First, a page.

So, with no preconceptions, based on no suppositions formulated over centuries, what are we and where do we find ourselves? We are conscious, cognitive beings who have not always been here and did not create ourselves, we are members of a long line of beings like ourselves who, like us, have not always been here and did not create themselves . . . and where 'here' is is a sphere of rock, dirt, and vegetation hung in the middle of nothing. We exist on the surface of this large (compared to ourselves) ball in the midst of nothing. There are indeed other planets around us, and they are not nothing, they are something - but space, in which these planets, including our own, exist is by definition nothing. When we talk about space, the 'outer space' the universe exists in, I think we tend to count the whole thing (space and all the planets) as a thing - but in fact the planets are things and they all exist in the midst of nothing . . . space is the absence of material, a matter-less condition or circumstance. Space has matter in it, the planets, starts, comets, etc, but the actual space itself that these things exist in is the opposite of matter - it is exactly what no material being present is, it's empty void, it's space.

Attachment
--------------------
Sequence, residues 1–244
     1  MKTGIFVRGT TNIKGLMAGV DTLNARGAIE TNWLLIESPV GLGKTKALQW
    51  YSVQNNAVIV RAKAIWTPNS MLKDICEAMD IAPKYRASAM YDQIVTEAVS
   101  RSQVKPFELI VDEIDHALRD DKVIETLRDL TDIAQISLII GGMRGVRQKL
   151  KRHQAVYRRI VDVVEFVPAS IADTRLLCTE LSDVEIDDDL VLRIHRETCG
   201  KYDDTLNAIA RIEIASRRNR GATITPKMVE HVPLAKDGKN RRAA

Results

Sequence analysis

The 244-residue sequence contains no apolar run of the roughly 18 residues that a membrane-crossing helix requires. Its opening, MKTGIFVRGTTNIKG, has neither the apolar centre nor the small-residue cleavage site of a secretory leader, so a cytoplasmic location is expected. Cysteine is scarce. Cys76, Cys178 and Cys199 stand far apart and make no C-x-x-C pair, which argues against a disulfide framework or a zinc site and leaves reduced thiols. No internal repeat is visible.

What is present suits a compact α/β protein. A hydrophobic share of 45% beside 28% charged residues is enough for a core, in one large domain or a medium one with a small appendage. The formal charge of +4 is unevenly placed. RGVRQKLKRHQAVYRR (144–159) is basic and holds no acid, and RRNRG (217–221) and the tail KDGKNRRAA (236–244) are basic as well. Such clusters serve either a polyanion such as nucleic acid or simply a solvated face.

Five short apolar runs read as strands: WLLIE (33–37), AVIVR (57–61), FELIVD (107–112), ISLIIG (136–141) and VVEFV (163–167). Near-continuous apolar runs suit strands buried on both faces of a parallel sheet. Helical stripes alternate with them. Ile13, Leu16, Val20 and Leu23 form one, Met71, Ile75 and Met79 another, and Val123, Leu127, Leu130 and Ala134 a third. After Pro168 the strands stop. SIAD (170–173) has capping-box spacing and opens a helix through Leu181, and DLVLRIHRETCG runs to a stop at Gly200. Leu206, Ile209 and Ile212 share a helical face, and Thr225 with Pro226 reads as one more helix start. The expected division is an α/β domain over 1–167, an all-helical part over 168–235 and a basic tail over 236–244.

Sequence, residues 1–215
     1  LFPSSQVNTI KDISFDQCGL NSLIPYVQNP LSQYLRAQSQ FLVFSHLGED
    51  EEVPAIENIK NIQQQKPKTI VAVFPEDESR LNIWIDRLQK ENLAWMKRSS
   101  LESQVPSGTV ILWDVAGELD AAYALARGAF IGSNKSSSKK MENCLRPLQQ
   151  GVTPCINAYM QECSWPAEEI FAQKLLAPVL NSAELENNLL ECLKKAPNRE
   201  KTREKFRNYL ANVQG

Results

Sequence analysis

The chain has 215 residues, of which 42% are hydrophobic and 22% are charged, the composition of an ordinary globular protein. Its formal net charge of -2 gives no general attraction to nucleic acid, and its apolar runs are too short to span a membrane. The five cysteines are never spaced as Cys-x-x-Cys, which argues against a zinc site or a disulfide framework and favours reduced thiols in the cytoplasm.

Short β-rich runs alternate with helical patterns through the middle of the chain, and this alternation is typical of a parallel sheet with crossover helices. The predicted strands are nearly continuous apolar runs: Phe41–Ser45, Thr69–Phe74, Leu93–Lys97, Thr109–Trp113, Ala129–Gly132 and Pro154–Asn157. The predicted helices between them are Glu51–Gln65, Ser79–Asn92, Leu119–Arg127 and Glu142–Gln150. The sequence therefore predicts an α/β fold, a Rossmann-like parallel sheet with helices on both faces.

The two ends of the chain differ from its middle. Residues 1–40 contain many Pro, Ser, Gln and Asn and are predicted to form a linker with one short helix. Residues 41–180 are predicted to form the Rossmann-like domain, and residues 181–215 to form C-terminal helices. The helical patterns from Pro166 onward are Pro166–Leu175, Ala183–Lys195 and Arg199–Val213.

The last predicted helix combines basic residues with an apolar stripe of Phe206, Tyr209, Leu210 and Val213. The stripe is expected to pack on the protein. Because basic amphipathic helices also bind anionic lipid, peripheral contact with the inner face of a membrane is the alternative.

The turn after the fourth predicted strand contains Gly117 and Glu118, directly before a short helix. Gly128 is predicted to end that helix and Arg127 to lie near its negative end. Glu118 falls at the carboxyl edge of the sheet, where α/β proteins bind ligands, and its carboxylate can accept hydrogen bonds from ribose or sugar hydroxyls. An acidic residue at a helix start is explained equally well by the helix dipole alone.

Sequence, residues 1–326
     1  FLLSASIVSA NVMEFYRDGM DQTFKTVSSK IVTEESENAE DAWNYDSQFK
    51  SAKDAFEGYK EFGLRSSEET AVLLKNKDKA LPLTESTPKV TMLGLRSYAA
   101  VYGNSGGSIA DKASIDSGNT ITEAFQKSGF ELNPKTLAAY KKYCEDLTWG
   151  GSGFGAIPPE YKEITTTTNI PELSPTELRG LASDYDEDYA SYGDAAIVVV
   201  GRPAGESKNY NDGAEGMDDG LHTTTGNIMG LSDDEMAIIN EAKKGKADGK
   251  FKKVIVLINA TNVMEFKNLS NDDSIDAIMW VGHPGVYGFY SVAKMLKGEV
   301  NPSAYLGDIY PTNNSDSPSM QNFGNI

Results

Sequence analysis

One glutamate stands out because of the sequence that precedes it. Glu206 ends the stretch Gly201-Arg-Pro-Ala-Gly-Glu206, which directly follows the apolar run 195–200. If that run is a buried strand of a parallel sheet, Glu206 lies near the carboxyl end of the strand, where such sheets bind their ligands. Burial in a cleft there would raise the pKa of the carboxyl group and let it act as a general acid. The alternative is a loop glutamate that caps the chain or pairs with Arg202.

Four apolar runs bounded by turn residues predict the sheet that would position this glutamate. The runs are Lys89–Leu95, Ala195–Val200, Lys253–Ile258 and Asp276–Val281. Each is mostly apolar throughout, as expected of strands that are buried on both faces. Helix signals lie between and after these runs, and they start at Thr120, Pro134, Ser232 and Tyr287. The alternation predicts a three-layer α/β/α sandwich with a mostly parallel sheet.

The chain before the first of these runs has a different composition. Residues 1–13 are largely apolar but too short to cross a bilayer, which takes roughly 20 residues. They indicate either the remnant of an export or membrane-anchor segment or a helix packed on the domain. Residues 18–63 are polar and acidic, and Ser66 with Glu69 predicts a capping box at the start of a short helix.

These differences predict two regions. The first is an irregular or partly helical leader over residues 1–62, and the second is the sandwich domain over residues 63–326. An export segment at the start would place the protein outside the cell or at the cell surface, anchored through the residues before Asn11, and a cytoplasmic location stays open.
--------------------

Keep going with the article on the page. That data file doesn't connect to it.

So, amidst this vast empty void, here-and-there in the nothingness of space, there are these various balls of rock, dirt, whatever, and we exist on the surface of one of them. Now, like ourselves on this planet, we can only reasonably surmise that this planet (and the variety of planets hanging in the nothingness of space) has either always been here or had a beginning . . . and, like ourselves, it is reasonable to deduce that it has not always been here and did not create itself, etc. It's only reasonable to conclude that, like ourselves, the planets that hang in the midst of the nothingness of space were created. The only alternative (if the planets and ourselves have not always been here and did not self-create) is that the planets and ourselves spontaneously 'popped' into being out of nothing or that we developed from something that 'popped' into being out of nothing - and again, both reason and experience inform us that this is an absurd assertion.